Are you thinking about visiting the Historical and Genealogical Society of Indiana County? Here is a short little guide to help you if you decide to visit:
Armory building is headquarters for the Historical Society, located at 621 Wayne Avenue. The building was built in 1922 and served as the National Guard Armory until the new one was built, at which time it was purchased by the Historical Society. As visitors walk inside they get a glimpse of the past; on the floor are the remnants of a basketball court, and many visitors reminisce about basketball games held here.
|Old Armory, Historical Society headquarters
Basement, which is only opened to volunteers and staff, but many artifacts, documents, and supplies are housed here. We are fortunate to have such a vast storage area for our many items.
Clark House, the main attraction, stepping inside is like going back in time. There are two restored parlors with furniture from the time period along with a working pump organ, which can be heard at Christmas time pouring out Christmas Carols. The only downside to this historic building is only the first floor is open to visitors, but maybe one day with large donations the second floor could be restored. The third floor is dark and cramped; this would have been the servants’ quarters – it is amazing to realize that people lived in these conditions. The most interesting portion of the home is the cupola, which is just a small square room with windows on all sides, overlooking Indiana.
Donations, donations, donations! The most important part of running and operating a historical society are donations. These can be monetary, artifact donations, family trees, or time. Donations are a major source of income besides memberships, these are what enables us to give education programs and remain open.
Educate, is one of the points of the Historical Society’s mission statement: to preserve, collect and education the public about the history of Indiana County.
Funding? People get confused on how we are funded, we are funded mostly by memberships and donations. The money we receive from county and state government grants are a very small fraction of our income. We need your help to remain open.
Ghosts, are they here? Maybe, maybe not. If you want to find out I suggest you watch our Facebook, Twitter, and the blog for the answer, there is a possibility of doing paranormal investigations of our property later this year or if you would rather come to a reception in October to hear what was found. The question of whether or not there are ghosts is up to you to decide!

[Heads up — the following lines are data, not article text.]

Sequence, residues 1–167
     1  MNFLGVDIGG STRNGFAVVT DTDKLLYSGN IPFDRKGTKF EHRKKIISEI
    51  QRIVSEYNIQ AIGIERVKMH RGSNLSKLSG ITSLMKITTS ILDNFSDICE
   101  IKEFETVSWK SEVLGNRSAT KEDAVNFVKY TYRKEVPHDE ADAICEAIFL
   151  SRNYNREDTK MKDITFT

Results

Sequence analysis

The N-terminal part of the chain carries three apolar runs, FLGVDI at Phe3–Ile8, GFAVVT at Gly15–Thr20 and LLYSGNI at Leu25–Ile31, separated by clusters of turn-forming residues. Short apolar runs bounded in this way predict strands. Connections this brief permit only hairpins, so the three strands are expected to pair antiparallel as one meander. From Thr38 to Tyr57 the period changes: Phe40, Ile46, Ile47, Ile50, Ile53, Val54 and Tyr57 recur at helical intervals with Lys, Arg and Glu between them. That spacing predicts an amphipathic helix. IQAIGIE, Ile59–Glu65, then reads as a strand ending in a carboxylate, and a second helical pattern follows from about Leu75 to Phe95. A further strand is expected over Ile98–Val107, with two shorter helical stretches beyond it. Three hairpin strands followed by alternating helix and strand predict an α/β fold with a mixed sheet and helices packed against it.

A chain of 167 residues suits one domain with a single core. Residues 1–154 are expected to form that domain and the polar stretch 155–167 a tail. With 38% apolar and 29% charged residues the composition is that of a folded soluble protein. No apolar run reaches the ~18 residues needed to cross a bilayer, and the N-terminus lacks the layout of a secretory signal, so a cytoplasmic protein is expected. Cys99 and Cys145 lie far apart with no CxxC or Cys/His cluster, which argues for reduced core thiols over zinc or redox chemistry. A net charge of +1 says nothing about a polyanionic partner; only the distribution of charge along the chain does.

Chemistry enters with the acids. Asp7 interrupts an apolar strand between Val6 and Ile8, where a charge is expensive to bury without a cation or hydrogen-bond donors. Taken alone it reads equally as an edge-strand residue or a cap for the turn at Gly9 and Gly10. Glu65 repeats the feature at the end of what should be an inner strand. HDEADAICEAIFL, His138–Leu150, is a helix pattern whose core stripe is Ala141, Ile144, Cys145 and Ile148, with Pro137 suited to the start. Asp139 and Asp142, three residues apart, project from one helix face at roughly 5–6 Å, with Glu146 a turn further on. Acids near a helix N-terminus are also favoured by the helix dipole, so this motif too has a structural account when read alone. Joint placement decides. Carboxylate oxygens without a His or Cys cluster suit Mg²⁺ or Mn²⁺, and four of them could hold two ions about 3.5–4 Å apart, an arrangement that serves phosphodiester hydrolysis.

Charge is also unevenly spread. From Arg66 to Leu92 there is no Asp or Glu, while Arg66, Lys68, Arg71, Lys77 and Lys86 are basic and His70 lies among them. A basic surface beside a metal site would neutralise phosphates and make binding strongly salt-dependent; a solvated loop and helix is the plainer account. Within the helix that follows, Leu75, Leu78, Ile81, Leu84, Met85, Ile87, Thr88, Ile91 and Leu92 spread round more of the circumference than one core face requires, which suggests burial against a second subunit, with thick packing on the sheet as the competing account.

Help! We are always looking for volunteers to help with various tasks around the Society, this ranges from cataloging objects, to giving tours, to cleaning.
ndiana is a small town in Western Pennsylvania. Yes a town, not the state. We’re the hometown of Jimmy Stewart, the actor. John F. Kennedy visited here in 1960; he gave a speech in front of the Old Courthouse. Bet some of you had no idea we had a famous visitor. Then there’s IUP, or as it was originally know the Indiana Normal School or the State Teachers’ College; no matter what you know it as there is a lot of history on the campus.
|John F. Kennedy in Indiana on a campaign stop in 1960
Junk. Many people wonder if their old things are worth something or if it is just junk. It depends, every object has a story, and you never know where the objects could turn up. We have ledgers and journals from the 1800’s and lots of other neat artifacts to see our wide array of artifacts you will need to come visit us.
Keys. Not only do keys unlock doors, but every one of us holds the keys to unlocking the past. We can better tell the story of the community by compiling everyone’s story and making history come alive and prosper for future generations.
Library. The Society has an extensive library, including family histories, books about Indiana County and the surrounding area. If you are looking for family obituaries or information about historic locations in the County be sure to look at our subject and surname files which have newspaper clippings many from the early 1900s.
Next door is Memorial Park, well a park that doubles as a cemetery. I know, what a crazy thought. This is Indiana County’s smallest park. Most of the graves that were located here have been moved, but some are left, many of whom are veterans some from the Revolutionary War. While in Memorial Park look up to view the doughboy statue placed there in memory of the veterans who have and who are serving. If you are ever in Indiana during the summer months be sure to visit the Concert in Parks on Sundays.